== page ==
What Are Plea Agreements in the Military, and Should You Enter Into One?

attorneys meeting at a table

Understanding plea agreements.

Plea agreements are used in the military to resolve charges against service members. They allow for some charges to be dropped in exchange for an agreement to plead guilty or no contest to a lesser charge. This can save the soldier from a court martial and could lead to a reduction in their sentence. 

The process is simple: the service member pleads guilty to a charge, and the military agrees to dismiss the charge with prejudice, meaning it cannot be re-opened after the plea agreement.

However, plea agreements may have serious consequences for the soldier, including loss of benefits and discharge from the military. If you are considering entering into a plea agreement, here are the things the Norfolk military defense lawyers at the Griffin Law Firm would like you to know.

What Is a Plea Agreement, and What Are the Benefits of Entering Into One?

As we just mentioned, plea agreements are a type of plea bargain in which the defendant agrees to plead guilty to a lesser charge in exchange for a more lenient punishment. There are many benefits to entering into a plea agreement, including: 

a. Reduced sentence – The defendant may receive a reduced sentence if they plead guilty, regardless of the severity of the crime. This can be especially beneficial if the defendant has no prior criminal record or is otherwise low-risk. 

b. Reduced time – Some defendants may be able to reduce their time spent behind bars by entering into a plea agreement. This can be helpful if the defendant is looking at significant jail time or needs to meet other obligations while incarcerated. 

c. Less stress – Facing a trial can be an emotionally and mentally challenging process, and being able to enter into a plea agreement can help minimize this stress.

The Process: How Do Plea Agreements Work in the Military Justice System?

When a service member is charged with a crime, the first step in the military justice system is to receive a referral from their chain of command. A military head will then review the evidence and decide whether or not to refer the case for trial by general court-martial. If the case is referred for trial, the accused will have the opportunity to plead guilty or not guilty.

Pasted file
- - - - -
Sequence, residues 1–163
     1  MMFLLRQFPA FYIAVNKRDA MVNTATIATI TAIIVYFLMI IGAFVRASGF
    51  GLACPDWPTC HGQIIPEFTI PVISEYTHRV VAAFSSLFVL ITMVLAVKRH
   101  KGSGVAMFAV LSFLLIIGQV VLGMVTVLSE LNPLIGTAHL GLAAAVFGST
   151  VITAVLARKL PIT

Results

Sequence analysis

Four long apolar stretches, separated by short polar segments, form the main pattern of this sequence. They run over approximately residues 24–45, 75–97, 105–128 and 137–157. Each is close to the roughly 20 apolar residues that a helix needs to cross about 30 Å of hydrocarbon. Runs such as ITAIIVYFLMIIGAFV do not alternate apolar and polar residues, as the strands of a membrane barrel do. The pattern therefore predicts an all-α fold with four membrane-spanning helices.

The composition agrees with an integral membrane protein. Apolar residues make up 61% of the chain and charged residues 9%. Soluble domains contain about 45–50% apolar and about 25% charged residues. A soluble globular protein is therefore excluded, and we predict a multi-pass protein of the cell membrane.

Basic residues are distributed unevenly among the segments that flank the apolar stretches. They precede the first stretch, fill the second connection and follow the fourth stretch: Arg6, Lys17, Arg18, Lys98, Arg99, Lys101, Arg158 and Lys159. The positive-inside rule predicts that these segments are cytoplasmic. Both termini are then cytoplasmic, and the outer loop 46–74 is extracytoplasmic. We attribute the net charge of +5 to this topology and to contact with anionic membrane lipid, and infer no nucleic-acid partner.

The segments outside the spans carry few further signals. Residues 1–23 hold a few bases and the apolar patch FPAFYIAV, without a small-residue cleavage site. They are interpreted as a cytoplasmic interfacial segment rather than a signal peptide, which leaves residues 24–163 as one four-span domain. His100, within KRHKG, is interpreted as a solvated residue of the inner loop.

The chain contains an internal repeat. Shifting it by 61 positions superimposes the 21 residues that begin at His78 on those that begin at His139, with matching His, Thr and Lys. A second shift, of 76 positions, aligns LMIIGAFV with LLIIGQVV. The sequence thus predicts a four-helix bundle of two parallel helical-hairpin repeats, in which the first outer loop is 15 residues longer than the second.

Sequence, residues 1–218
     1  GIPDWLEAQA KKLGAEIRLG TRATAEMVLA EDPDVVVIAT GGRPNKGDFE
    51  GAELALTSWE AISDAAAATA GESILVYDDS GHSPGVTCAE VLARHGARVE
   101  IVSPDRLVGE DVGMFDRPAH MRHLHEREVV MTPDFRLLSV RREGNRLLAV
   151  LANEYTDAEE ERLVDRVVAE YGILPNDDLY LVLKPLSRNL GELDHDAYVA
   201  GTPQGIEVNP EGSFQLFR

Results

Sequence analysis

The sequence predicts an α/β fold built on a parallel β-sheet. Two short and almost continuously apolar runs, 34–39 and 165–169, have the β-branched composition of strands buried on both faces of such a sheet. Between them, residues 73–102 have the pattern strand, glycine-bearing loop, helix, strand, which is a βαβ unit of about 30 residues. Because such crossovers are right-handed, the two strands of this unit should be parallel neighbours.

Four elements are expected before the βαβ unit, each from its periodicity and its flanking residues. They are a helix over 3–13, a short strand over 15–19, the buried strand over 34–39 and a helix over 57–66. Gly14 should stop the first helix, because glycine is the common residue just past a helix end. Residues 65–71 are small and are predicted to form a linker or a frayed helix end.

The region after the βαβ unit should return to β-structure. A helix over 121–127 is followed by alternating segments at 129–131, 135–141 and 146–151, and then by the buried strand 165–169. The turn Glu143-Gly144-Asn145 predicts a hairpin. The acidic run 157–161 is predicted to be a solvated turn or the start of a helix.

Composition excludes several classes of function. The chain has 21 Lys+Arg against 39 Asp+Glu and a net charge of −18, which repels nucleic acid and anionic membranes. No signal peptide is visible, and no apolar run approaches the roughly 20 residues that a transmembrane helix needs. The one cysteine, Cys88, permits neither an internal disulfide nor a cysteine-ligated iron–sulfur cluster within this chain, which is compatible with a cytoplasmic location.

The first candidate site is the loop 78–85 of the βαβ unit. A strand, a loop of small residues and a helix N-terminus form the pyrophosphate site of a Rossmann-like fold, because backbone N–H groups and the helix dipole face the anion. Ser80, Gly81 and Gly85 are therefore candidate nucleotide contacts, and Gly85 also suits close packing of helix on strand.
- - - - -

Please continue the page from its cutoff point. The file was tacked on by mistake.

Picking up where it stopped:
A plea agreement can be reached at this stage between the prosecution and defense teams. A plea agreement is an agreement between the prosecution and defense teams that outlines what evidence will be used at trial, how it will be used and any possible sentencing enhancements. Plea agreements are often based on evidence that has already been gathered by investigators.

The Risks: What Are the Possible Risks Associated With Plea Agreements?

Military members are often pressured to plea-bargain their cases in order to receive a lesser sentence, or avoid a trial altogether. However, there are often risks associated with plea agreements that military members may not be aware of. For example, if a plea agreement includes a guilty plea, the military member could be discharged dishonorably. Additionally, if military member admits to a crime they did not commit, they may face additional legal and social consequences. 

As such, it is important for military members to be aware of the risks associated with pleading guilty and seek counsel before making a decision.

Should You Enter Into a Plea Agreement in the Military Justice System?

First, make sure you understand the terms of the agreement. The punishment that may be imposed if you violate the terms of the agreement may be more severe than the punishment that would be given for the same offense if convicted at trial. 

Second, be sure that you have enough information to make an informed decision. You need to know what crimes are being charged, what potential punishments are available under the agreement, and what your options would be if you refused to plead guilty. 

Finally, and most importantly, talk with a Virginia military defense attorney at the Griffin Law Firm about your options before entering into a plea agreement.

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